Harmony Search

Harmony Search #

Name #

Harmony Search (HS)

Taxonomy #

Harmony Search is a metaheuristic optimization algorithm inspired by the improvisation process of musicians. It belongs to the family of evolutionary algorithms and is closely related to other population-based metaheuristics such as Genetic Algorithms and Particle Swarm Optimization.

  • Computational Intelligence
    • Biologically Inspired Computation
      • Evolutionary Algorithms
        • Genetic Algorithms
        • Differential Evolution
        • Harmony Search
    • Swarm Intelligence
      • Particle Swarm Optimization
      • Ant Colony Optimization
  • Stochastic Optimization
    • Metaheuristics
      • Single-Solution Based Metaheuristics
      • Population-Based Metaheuristics
        • Evolutionary Algorithms
          • Harmony Search

Strategy #

Harmony Search mimics the improvisation process of musicians in a jazz band. Each musician corresponds to a decision variable, and their improvisation represents the search for better solutions in the problem space. The algorithm maintains a memory called the Harmony Memory (HM), which stores a set of good solutions. New solutions are generated by applying three rules: memory consideration, pitch adjustment, and random selection.

In the memory consideration step, the algorithm selects a value for each decision variable from the Harmony Memory with a probability called the Harmony Memory Considering Rate (HMCR). If a value is not selected from the memory, it is randomly chosen from the feasible range of the variable.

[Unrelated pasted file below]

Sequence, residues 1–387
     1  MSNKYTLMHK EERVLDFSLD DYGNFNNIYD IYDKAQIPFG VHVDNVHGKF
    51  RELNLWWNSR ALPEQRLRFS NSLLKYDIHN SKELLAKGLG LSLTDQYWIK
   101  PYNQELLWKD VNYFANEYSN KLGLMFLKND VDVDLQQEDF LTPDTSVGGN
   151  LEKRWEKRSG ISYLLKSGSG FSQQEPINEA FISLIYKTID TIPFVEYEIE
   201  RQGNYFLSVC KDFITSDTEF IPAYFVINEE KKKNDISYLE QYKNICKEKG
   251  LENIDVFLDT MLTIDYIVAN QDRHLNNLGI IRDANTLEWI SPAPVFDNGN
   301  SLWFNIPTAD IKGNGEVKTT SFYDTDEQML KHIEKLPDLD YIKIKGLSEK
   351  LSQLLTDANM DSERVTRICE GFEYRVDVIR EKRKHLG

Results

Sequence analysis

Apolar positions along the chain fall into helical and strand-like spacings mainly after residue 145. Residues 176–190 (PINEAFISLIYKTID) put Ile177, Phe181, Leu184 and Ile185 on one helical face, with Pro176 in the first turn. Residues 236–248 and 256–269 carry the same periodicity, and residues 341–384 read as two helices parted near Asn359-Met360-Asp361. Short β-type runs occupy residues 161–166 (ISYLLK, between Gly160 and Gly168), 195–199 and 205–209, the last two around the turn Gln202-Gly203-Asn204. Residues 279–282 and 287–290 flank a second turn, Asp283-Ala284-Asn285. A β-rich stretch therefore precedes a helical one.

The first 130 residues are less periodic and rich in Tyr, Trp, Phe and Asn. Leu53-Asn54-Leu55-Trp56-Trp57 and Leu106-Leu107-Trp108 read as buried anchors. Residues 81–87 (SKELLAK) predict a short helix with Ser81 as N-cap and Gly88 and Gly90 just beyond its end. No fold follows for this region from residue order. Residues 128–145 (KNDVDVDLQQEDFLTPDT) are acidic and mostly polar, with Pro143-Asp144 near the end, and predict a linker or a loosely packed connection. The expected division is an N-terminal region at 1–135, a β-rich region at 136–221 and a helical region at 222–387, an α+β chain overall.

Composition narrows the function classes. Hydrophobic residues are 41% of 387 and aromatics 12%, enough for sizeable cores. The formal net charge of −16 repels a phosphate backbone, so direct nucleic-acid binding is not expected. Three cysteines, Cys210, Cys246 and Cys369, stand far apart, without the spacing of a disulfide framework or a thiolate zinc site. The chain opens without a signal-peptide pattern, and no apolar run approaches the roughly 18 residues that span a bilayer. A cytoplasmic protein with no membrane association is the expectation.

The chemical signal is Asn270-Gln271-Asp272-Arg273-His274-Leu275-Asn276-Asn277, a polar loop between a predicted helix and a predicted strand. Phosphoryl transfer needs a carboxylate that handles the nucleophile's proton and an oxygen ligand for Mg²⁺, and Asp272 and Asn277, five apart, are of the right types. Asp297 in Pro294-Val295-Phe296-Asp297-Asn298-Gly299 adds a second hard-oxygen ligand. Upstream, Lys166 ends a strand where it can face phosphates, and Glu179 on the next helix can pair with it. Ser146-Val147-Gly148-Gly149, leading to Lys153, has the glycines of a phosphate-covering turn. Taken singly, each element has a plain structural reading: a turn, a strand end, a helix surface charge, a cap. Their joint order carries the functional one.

The pitch adjustment step is applied to the values selected from the memory. With a probability called the Pitch Adjusting Rate (PAR), the selected value is adjusted by a small amount, allowing the algorithm to fine-tune the solutions.

The random selection step introduces diversity by assigning a random value to a decision variable with a probability of (1 - HMCR).

The newly generated solution is evaluated using the objective function. If it is better than the worst solution in the Harmony Memory, it replaces the worst solution. This process is repeated until a termination criterion, such as a maximum number of iterations or a satisfactory solution, is met.

Procedure #

Data Structures #

  • Harmony Memory (HM): A matrix storing a set of good solutions, where each row represents a solution and each column corresponds to a decision variable.
  • Harmony Memory Considering Rate (HMCR): The probability of selecting a value from the Harmony Memory.
  • Pitch Adjusting Rate (PAR): The probability of adjusting the value of a decision variable selected from the Harmony Memory.
  • Bandwidth (bw): The maximum amount by which a decision variable can be adjusted during the pitch adjustment step.

Parameters #

  • Harmony Memory Size (HMS): The number of solutions stored in the Harmony Memory.
  • Maximum Iterations (MaxIter): The maximum number of iterations or improvisations.
  • Harmony Memory Considering Rate (HMCR)
  • Pitch Adjusting Rate (PAR)
  • Bandwidth (bw)

Steps #

  1. Initialize the Harmony Memory (HM) with random solutions.